Homesteading Where You Are: Raise

This is week six in the:

Week one: Intro
Week two: Make 
Week three:  Grow
Week four: Preserve
Week five: Save

This week is "Raise".

If you've been around these pages at all, you're well aware my husband and I are raising children-two of them. While I could write you a detailed discourse as to why I choose to raise them living this homesteading life, I think this series of pictures sums up the reasons behind our choices perfectly. These were taken before the snow in late fall, but have not been shared before.

Welcome to serenity, also known as home.


We're thankful our peaceful home is on this farm. But truth be told, we'd find the pace, togetherness and rhythm of being home and living the homesteading life wherever we lived. Animals or no animals, it's not where you live, it's how you spend your time.  There's so many gifts of being raised a homesteader. Join in and discover for yourself. 

Want to get inspired?  Click on these links and you will, I promise.

Daisy, at MapleHill101, currently homesteads with her family in the suburbs of Central Florida.  Her vision is to move to a more rural property in North Carolina later this year and continue fostering a self-sufficient lifestyle, which includes chickens, a large garden and a permanent clothesline.  

Mary, at Homegrown on the Hill, lives in Southwestern Ohio with her family on a 5 acre homestead. Their goal is to be as much self sufficient as possible. In helping with this goal, they raise a big garden and keep chickens, rabbits, and cattle for food. 

Staci, at Life At Cobble Hill Farm, was bitten by the homestead bug in 2006 and although she began her homesteading ventures in a rented condo, is now homesteading on less than an acre in Upstate NY.

Sue – at The Little Acre that Could, shares her body with an auto-immune disease, and life with her husband. They live in a once-working Victorian farm cottage now bordered by a modern subdivision. She has dreamed of homesteading as long as she can remember and continues to strive toward that goal in rural Atlantic Canada.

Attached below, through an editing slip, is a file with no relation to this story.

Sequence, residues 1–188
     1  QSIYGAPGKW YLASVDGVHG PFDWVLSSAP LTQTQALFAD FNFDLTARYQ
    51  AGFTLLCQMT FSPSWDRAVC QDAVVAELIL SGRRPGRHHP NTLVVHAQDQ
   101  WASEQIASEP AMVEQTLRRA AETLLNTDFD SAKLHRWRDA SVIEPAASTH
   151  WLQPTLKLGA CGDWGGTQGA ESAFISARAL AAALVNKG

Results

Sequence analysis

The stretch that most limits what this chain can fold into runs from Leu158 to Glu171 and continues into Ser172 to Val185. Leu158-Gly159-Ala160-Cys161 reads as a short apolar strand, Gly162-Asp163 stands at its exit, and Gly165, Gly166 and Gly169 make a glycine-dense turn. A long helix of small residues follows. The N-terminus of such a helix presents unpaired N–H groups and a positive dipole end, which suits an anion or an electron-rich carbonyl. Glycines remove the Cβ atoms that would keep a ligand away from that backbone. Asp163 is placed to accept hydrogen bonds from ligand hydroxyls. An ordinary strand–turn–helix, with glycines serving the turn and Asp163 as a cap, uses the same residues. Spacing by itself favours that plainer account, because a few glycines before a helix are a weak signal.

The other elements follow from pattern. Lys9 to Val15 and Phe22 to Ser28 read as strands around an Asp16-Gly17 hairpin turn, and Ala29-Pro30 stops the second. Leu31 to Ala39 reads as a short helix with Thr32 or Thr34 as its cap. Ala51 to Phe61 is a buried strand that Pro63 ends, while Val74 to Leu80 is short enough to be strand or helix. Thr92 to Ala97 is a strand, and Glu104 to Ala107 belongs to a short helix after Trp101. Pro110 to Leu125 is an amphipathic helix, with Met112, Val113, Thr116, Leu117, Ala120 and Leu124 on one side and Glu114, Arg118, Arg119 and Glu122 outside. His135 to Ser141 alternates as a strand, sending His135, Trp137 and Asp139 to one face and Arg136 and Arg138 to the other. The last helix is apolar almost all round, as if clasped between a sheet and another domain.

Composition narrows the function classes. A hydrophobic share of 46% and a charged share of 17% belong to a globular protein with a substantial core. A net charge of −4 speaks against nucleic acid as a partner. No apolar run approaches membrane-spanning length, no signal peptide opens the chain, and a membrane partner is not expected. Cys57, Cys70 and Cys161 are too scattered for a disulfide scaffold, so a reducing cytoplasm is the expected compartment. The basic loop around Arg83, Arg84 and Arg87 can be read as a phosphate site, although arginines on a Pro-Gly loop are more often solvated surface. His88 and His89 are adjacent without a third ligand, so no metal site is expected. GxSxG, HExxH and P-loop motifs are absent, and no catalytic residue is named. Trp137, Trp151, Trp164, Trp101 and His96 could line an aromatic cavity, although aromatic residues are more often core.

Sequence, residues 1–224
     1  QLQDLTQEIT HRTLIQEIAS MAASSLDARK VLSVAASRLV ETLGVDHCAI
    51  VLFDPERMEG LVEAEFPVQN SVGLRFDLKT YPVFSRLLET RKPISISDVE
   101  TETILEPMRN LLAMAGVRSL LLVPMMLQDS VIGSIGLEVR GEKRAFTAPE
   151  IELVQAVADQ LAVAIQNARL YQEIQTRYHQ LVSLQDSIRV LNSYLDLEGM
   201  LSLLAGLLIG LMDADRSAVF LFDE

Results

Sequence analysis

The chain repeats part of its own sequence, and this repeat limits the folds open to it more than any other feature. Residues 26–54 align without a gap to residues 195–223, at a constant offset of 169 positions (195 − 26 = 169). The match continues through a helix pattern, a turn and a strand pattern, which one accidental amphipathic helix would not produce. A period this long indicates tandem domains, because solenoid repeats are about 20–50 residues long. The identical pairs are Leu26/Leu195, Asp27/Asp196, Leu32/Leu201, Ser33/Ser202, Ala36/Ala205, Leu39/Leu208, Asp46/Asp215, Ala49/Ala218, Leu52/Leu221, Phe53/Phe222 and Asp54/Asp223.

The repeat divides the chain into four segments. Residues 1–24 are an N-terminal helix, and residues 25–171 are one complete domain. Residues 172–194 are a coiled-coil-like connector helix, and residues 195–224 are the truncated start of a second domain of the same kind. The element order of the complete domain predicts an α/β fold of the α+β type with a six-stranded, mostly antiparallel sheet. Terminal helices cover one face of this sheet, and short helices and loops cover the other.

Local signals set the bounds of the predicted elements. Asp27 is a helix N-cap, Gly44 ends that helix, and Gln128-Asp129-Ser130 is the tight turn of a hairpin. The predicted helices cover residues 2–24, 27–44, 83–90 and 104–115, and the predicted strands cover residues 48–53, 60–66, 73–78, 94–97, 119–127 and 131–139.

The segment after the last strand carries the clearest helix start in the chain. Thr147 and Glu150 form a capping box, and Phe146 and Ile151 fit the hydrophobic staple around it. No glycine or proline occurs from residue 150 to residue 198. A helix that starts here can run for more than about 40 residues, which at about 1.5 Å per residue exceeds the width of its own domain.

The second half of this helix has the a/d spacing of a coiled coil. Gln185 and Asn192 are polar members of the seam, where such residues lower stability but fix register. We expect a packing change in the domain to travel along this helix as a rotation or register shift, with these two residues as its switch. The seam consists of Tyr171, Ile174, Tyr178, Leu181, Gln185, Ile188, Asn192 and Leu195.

1. This was such a sweet post! I think you have chosen a splendid life style for raising your children. :-)

  2. Those are some lucky babies. Enjoy your day!

  3. Jackie, your participation in the "Homesteading Where You Are" series has been a great part of the series. It is great to see the different perspectives on the same subject. I too started life in a rural setting and have many fond memories stored away. In my humble opinion there's no better way to raise kids. It's gives them a perspective on life that will guide them through their tough journey. Thank you so much for your views on this weeks topic.

    Have a great raising day.

  4. I think the fact that you told the majority of this post with photos is genius. So wonderful to see those sweet littles enjoying their farm life. :)

  5. The photos with chickens and goats are my favorite :) But they are all wonderful. I think raising children on a homestead or farm is a great way for them to grow up. I often wish that I grew up on a farm instead of the city!

    PS - I wrote a post on Monday that you might like! ;)

  6. I love the way you raise your kids with animals. We want to get a goat or two and some chickens this year. I think I grew up with the same kind of goats you show here (except they weren't so furry!), and would like to get that kind again. What are they called?

    1. Oh how fun you'll be adding animals to your homestead! These are Nigerian Dwarfs. They're a great size, only eat about a half of a bale of hay a week and although the ones we have are male, we've milk from the breed and it's delicious! Getting a pair of them would be ideal, as they like a pal around. Sounds like you have an exciting year ahead.



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